This danger is heightened by the fact that even a small chance of losing an SB 8 style case can have a serious chilling effect if the potential liability is large enough. Take the hypothetical example of the Chief Justice of damages of $ 1 million. If there’s even a 5% chance that a defendant will lose, that’s an expected liability of $ 50,000 ($ 1 million times 0.05), an amount large enough to deter many individuals and small businesses. to exercise their rights. And if, like SB 8, the bill allows multiple lawsuits targeting the same defendant and also requires the defendant to pay plaintiffs’ attorney fees if they lose, the risk may be even greater.
For these and other reasons (many of them detailed in the excellent amicus memory by the Firearms Policy Coalition), SB 8 is a potential roadmap to stifle judicial protection for a wide range of constitutional rights. If the Supreme Court allowed the Texas subterfuge to continue, it would set a very dangerous precedent.
If the creation of this precedent were imposed by the original text or meaning of the Constitution, perhaps we would simply have to live with it. In reality, however, nothing in the original text or meaning protects state laws from pre-execution judicial review simply because the power of execution is delegated to private litigants. Quite the contrary. As the FPC’s brief also effectively explains, part of the purpose of the Fourteenth Amendment was to give both Congress and the federal courts broad power to protect constitutional rights against the shenanigans of state governments. The amendment even specifically prohibits states not only from enforcing laws that violate the “privileges or immunities” of American citizens, but also from “mak[ing]”in the first place. Pre-application review is probably the only way to prevent the latter.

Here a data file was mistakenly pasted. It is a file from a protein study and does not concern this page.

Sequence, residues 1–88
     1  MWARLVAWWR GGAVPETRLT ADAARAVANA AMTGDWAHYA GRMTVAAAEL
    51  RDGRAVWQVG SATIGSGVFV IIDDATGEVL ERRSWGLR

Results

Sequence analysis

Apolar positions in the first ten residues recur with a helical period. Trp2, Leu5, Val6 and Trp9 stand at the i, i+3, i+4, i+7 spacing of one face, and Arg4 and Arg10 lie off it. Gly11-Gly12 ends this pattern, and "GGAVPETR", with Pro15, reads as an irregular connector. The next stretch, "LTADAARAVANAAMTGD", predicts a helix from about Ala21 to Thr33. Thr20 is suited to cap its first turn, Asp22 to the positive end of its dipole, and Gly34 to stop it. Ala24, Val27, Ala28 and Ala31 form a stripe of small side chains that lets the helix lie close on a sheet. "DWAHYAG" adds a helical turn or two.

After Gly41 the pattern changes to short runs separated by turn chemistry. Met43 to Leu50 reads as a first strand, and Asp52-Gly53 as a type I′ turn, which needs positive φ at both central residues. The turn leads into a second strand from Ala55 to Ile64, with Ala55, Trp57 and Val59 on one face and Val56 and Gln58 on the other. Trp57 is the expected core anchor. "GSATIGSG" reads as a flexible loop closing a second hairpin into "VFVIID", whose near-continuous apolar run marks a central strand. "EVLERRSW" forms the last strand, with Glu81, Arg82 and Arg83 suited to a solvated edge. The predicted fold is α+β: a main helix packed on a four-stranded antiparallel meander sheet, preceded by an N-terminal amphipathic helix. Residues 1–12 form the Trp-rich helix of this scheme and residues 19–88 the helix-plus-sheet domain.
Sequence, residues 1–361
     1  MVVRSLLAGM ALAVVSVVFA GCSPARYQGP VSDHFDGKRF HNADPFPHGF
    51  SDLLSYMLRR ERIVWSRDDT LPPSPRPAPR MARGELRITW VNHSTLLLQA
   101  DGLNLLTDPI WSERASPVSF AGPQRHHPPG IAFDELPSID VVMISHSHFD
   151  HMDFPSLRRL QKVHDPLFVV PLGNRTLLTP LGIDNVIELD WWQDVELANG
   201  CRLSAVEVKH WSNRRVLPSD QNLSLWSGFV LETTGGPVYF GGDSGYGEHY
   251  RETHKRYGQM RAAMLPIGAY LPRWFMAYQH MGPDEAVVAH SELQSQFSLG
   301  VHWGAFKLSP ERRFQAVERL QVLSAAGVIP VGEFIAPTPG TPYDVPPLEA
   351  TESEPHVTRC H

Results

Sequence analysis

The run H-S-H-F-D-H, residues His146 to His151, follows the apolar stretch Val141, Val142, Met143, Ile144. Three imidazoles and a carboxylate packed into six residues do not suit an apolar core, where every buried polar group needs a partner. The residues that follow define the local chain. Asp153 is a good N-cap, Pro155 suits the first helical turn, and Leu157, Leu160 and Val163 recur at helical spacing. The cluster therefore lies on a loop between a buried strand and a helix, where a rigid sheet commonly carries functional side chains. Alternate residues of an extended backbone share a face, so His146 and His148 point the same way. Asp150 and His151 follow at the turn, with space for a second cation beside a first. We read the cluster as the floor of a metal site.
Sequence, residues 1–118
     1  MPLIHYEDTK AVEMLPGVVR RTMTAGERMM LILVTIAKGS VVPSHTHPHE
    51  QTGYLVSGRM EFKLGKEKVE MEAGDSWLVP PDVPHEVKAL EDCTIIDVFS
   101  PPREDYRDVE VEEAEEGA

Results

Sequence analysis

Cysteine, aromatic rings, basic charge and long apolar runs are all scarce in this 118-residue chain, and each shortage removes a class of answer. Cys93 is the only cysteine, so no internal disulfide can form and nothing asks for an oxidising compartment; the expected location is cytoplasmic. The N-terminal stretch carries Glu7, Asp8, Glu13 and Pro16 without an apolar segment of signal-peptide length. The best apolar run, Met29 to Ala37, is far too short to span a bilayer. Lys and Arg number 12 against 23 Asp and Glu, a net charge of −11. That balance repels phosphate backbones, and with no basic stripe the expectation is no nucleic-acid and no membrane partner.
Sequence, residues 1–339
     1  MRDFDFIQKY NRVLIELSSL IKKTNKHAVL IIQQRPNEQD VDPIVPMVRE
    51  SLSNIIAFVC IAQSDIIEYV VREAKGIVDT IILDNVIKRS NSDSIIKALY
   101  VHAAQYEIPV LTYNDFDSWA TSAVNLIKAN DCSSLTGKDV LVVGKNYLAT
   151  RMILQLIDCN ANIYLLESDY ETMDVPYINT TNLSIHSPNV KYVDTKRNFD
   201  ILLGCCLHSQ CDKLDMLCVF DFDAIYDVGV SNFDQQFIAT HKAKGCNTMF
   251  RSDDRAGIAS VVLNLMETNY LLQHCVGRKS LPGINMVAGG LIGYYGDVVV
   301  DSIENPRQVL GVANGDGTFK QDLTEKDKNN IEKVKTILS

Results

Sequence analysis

All that stands in the way of pre-execution prosecutions is a series of ill-conceived legal doctrines that grant states “sovereign immunity” from many private lawsuits and limit federal court injunctions against court judges. of state. The sovereign immunity of States against their own citizens is in itself a false doctrine in contradiction with the text and its original meaning. As the FPC’s brief points out, any sovereign immunity that exists is also to a large extent superseded by the Fourteenth Amendment (which is the vehicle for most constitutional rights lawsuits against state and local governments).
It is also a mistake to grant state judges special exemption from injunctions necessary to protect constitutional rights. They are bound by the Federal Constitution in the same way as other State officials. Indeed, fear of potentially biased state court judges was one of the reasons Reconstruction-era Congress passed the Fourteenth Amendment in the first place and sought to ensure broad access to federal courts. for those threatened with state violations of their federal constitutional rights – a principle the court recently upheld in Knick v. Township of Scott (2019), which removed pre-existing barriers to filing direct debits cases in federal court.